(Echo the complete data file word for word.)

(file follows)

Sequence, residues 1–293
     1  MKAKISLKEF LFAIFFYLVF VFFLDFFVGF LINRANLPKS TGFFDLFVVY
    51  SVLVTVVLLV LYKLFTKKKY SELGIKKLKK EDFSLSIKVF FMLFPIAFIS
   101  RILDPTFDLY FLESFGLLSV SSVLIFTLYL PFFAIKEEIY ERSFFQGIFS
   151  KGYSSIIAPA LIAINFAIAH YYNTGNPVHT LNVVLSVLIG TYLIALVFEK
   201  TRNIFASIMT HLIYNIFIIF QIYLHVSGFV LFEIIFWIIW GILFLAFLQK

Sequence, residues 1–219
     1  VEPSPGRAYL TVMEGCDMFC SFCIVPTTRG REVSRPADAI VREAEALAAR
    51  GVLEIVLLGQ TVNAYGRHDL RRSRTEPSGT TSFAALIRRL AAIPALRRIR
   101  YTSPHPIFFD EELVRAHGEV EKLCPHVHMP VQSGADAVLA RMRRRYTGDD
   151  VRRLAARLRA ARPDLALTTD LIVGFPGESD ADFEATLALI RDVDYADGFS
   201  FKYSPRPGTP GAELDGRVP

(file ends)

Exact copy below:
Sequence, residues 1–293
     1  MKAKISLKEF LFAIFFYLVF VFFLDFFVGF LINRANLPKS TGFFDLFVVY
    51  SVLVTVVLLV LYKLFTKKKY SELGIKKLKK EDFSLSIKVF FMLFPIAFIS
   101  RILDPTFDLY FLESFGLLSV SSVLIFTLYL PFFAIKEEIY ERSFFQGIFS
   151  KGYSSIIAPA LIAINFAIAH YYNTGNPVHT LNVVLSVLIG TYLIALVFEK
   201  TRNIFASIMT HLIYNIFIIF QIYLHVSGFV LFEIIFWIIW GILFLAFLQK

Sequence, residues 1–219
     1  VEPSPGRAYL TVMEGCDMFC SFCIVPTTRG REVSRPADAI VREAEALAAR
    51  GVLEIVLLGQ TVNAYGRHDL RRSRTEPSGT TSFAALIRRL AAIPALRRIR
   101  YTSPHPIFFD EELVRAHGEV EKLCPHVHMP VQSGADAVLA RMRRRYTGDD
   151  VRRLAARLRA ARPDLALTTD LIVGFPGESD ADFEATLALI RDVDYADGFS
   201  FKYSPRPGTP GAELDGRVP